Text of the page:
Last June, U.S. Immigration and Customs Enforcement (ICE) Director John Morton outlined criteria for prosecutorial discretion in a memo, which called on ICE officials to consider a range of factors in determining whether an individual should be deported or not.
Here’s how the Immigration Policy Center described the memo after it was issued:
On June 17, 2011, Immigration and Customs Enforcement (ICE) Director John Morton issued two significant memoranda on the use of prosecutorial discretion in immigration matters. Prosecutorial discretion refers to the agency’s authority to not enforce immigration laws against certain individuals and groups. The primary memo (the Morton Memo on Prosecutorial Discretion) calls on ICE attorneys and employees to refrain from pursuing noncitizens with close family, educational, military, or other ties in the U.S. and instead spend the agency’s limited resources on persons who pose a serious threat to public safety or national security. Morton’s second memo focuses on exercising discretion in cases involving victims, witnesses to crimes, and plaintiffs in good faith civil rights lawsuits. The memo instructs “[a]bsent special circumstances or aggravating factors, it is against ICE policy to initiate removal proceedings against an individual known to be the immediate victim or witness to a crime.”
A closer look at the Morton Memo on Prosecutorial Discretion reveals that it reaffirms many of the principles and policies of previous guidance on this subject. The memo, however, takes a further step in articulating the expectations for and responsibilities of ICE personnel when exercising their discretion.
Last June’s memo says that immigration agents and trial attorneys should weigh many factors before deciding to deport someone, including age at arrival in the U.S., family and community ties, and legal history (including time spent in the U.S. lawfully, existence or lack of any criminal violations, etc). The memo says:
This list is not exhaustive and no one factor is determinative. ICE officers, agents, and attorneys should always consider prosecutorial discretion on a case-by-case basis. The decisions should be based on the totality of the circumstances, with the goal of conforming to ICE’s enforcement priorities.
However, implementation of the memo’s directives have been slow and bureaucratic. In fact, Morton recently told the House Subcommittee on Homeland Security that only 1% of pending deportation cases have been tabled under the new guidelines.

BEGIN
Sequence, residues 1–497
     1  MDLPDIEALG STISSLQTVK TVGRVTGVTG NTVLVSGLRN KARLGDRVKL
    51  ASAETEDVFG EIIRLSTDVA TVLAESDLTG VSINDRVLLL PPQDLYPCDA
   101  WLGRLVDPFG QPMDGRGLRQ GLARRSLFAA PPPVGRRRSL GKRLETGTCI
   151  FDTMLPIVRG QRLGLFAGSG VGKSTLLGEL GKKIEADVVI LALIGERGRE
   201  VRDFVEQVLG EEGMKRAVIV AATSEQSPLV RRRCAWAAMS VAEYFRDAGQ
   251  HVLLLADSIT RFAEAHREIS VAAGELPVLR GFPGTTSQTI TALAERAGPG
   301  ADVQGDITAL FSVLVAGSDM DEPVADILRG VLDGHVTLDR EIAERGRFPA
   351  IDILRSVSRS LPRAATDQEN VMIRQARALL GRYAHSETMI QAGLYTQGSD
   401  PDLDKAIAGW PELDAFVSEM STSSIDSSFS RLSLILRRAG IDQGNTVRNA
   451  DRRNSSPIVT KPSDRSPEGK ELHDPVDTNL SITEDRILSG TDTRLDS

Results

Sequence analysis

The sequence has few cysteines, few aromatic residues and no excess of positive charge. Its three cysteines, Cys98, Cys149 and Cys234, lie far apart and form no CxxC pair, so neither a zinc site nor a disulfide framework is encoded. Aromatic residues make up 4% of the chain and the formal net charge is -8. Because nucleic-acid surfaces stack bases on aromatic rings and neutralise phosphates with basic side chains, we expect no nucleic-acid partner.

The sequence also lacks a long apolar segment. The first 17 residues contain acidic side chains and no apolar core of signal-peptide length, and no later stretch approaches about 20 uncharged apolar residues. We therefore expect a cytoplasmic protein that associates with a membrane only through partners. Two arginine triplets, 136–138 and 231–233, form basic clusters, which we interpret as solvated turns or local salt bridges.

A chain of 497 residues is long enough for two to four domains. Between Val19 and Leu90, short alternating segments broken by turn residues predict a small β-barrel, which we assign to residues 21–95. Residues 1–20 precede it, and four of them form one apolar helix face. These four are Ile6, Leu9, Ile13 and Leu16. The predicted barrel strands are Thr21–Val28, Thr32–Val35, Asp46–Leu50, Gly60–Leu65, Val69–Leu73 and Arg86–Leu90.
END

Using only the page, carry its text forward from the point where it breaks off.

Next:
For thousands of immigrant families throughout the nation, the policies outlined in the prosecutorial discretion memo are not merely words on a page – they are a lifeline for keeping families intact. The guidance in the memo includes the common-sense rationale that mothers and fathers whose sole violations are tied to their desire to be with their families should be treated differently than serious criminals. However, the unfortunate truth is that even under this new policy, loving families continue to be separated.
A recent editorial from La Opinión, the nation’s largest Spanish language newspaper, decried the fact that “illegal reentry” has led to denials of prosecutorial discretion in several recent cases, despite sympathetic and compelling factors the government should take into account.
Currently, ICE conducted pilot programs on implementation of the discretion memo in two jurisdictions, Baltimore and Denver. At the conclusion of the review period, advocates in Colorado were “frustrated with the slow pace of implementation, narrowing of the criteria, and the lack of public education about how the policy is being implemented and can be accessed, especially by those who aren’t represented by attorneys.”
Next week, pilot programs will begin in four more jurisdictions, Seattle, Orlando, Detroit and New Orleans.
Broad application of the prosecutorial discretion guidelines is needed. The current case review “pilot programs” could be a first step in bringing rationality to our immigration enforcement system. But that has yet to happen. ICE officials need to deliver on the promise of the memo.
Whether the program works as it should on the national level will depend on whether ICE, CBP and USCIS personnel are properly trained and held accountable to the broadest possible exercise of discretion, and whether they truly consider all of the factors in any individual case and balance those factors in a fair and humane way.
Prosecutorial discretion is not a substitute for immigration reform. No matter how generously the prosecutorial discretion guidelines are applied, they provide no lasting and durable solution for the 11 million undocumented individuals living and working in the U.S. Major reforms of our immigration system need to be made through both legislative and administrative actions so that DREAM students, agricultural workers, and all of those who are working and contributing to the U.S. economy and society can earn permanent legal status and eventual citizenship.